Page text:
I get wheeled up to the vascular ward on strict bed rest (can't get out, not even to pee) with tubes coming out of both arms, and the arm in question wrapped up in plastic as to hold all of the catheter tubing in place. I'm not allowed to move or bend that arm. The morphine they gave me for pain made me puke, and those little barf trays that they give you in the hospital are NOT nearly big enough, or were not big enough to contain the tidal wave of orange juice that came spewing out of me. So they changed my pain killers. But apparantly the clot busters are also contributing to my nausea. They give me sedatives, which are nice. They also wake me up every hour on the hour 24 hours a day to check my vitals, which is not so nice.

Paul and my parents were at my bedside for the duration of the first evening, but I kicked them out because I was feeling so unwell. Poor Paul went back to our apartment and didn't sleep a wink because he was so worried. He came back about 6am, saw that I was feeling a bit better, and promptly fell asleep in the chair next to me.

Round about 1pm on Friday, they take me back down to Angio (where all the vein stuff is done) where they do more venograms (take pictures of the clot) and horrah, it's about 80% dissovled. It's made space for them to shove the catheter the rest of the way into clot-zone, which is up under my armpit, and into my chest. This makes me feel vaguely like I'm having a heart attack ( I think, since I've never actually had a heart attack, but I am recieving similar treatment as if I were having one). Back up to my ward, where I am again feeling nauseated, but no barf this time. I have lots of lovely visitors, who bring me a slew of books, magazines, flowers, fruit baskets and other goodies, none of which I am feeling well enough to read or eat yet, but I really appreciated all of it. 8:30pm on Friday I go back down to Angio for a final time, where they take more pictures of the clot, are satisfied that it is nearly gone (a little nugget remains) and they are then able to deal with the stenosis by giving me an angioplasty, which is where they stick a teeny tiny balloon into the vein and blow it up, thus creating more room for blood to flow. That did NOT feel good, but I am pretty used to this not feeling good by now. They take the catheter out, but leave the sheath (a straw like thing about 4 inches long) in my arm to keep pumping the blood thinners right into the vein for a while longer.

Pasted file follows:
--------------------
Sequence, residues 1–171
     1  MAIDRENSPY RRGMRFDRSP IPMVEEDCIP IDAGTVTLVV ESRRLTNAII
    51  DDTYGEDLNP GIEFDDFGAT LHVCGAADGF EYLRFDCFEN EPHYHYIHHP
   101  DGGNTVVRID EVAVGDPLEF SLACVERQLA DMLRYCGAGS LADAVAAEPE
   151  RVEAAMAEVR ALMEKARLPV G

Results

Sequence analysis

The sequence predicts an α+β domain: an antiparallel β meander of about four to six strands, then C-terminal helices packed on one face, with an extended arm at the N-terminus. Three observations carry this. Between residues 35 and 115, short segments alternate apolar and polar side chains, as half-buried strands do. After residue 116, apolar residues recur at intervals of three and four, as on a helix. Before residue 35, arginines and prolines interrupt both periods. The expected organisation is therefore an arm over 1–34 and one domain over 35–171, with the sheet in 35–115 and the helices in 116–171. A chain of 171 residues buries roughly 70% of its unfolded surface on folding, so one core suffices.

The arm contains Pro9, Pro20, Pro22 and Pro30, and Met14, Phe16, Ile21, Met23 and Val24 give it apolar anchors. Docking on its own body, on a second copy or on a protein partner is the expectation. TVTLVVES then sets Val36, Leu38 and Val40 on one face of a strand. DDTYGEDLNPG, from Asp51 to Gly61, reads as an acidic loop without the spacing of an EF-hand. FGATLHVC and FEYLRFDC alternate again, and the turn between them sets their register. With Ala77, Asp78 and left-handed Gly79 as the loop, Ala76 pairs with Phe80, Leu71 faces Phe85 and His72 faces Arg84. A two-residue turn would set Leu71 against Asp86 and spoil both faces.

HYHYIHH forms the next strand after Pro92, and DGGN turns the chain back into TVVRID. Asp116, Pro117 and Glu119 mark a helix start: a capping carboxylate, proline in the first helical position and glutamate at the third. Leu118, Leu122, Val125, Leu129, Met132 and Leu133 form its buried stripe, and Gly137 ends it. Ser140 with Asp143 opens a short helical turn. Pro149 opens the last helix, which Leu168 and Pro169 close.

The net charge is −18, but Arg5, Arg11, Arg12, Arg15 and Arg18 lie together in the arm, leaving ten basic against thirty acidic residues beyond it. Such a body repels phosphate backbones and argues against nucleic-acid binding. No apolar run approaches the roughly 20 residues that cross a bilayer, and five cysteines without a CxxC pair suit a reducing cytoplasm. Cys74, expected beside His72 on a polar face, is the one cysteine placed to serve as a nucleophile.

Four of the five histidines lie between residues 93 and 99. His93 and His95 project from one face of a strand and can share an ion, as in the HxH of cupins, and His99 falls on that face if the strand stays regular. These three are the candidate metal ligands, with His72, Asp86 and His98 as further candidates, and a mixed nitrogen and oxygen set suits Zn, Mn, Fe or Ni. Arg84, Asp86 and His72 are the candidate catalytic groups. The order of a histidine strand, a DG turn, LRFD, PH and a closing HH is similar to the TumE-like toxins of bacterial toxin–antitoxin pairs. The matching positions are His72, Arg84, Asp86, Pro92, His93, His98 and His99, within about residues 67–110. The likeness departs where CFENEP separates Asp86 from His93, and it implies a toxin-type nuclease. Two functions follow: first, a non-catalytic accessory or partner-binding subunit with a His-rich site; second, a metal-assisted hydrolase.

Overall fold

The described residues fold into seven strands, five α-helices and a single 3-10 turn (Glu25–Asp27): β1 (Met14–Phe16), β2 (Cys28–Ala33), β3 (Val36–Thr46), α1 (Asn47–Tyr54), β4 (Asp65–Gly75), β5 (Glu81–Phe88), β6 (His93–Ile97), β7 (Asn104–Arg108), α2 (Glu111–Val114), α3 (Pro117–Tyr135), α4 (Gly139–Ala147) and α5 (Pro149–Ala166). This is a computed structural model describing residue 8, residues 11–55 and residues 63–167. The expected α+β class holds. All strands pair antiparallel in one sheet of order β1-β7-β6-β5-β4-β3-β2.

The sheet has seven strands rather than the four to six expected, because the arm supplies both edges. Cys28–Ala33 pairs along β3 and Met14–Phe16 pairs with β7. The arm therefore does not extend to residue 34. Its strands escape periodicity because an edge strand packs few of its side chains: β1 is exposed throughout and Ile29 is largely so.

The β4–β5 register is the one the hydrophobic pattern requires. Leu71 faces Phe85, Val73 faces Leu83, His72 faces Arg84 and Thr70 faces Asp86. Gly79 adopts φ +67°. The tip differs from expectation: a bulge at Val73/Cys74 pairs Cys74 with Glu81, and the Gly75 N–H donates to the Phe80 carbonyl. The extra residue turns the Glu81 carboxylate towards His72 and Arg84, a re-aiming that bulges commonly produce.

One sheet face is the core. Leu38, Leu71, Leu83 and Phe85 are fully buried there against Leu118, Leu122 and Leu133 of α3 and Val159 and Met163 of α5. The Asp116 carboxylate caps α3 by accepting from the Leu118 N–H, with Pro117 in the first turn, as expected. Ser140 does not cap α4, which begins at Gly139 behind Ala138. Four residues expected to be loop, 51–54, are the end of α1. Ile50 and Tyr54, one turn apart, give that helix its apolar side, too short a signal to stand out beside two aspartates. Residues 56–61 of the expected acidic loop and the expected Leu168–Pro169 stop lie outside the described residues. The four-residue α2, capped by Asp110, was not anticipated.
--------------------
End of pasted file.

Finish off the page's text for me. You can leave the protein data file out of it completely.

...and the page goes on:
Back up to the ward where there is a party in my room (I thankfully got a private room), my brother and sister and their partners, and Paul and Tatjana are all waiting for me. I don't feel very good, my lips hurt real bad, my chest hurts, I'm nauseated and all that good stuff. I have a fight with the nurse about whether or not I am allowed to get out of bed yet, and she wins (I am still in bed) but she also kind of loses, cause it means she needs to bring me the bed pan yet again. Bed pan is now a 4 letter word in my books. Not the most graceful way of doing your business.

Saturday morning the Doc's come to give me some options. I can a) stay in the hospital with the straw in my arm until Tuesday, or b) learn to give myself shots in the hip, and go home on Sunday. I choose the b option, so a nurse comes along to take out my straw, and then gives me my shot lesson. I pass. I'm feeling a bit better, and am starting to get a bit of an appetite back.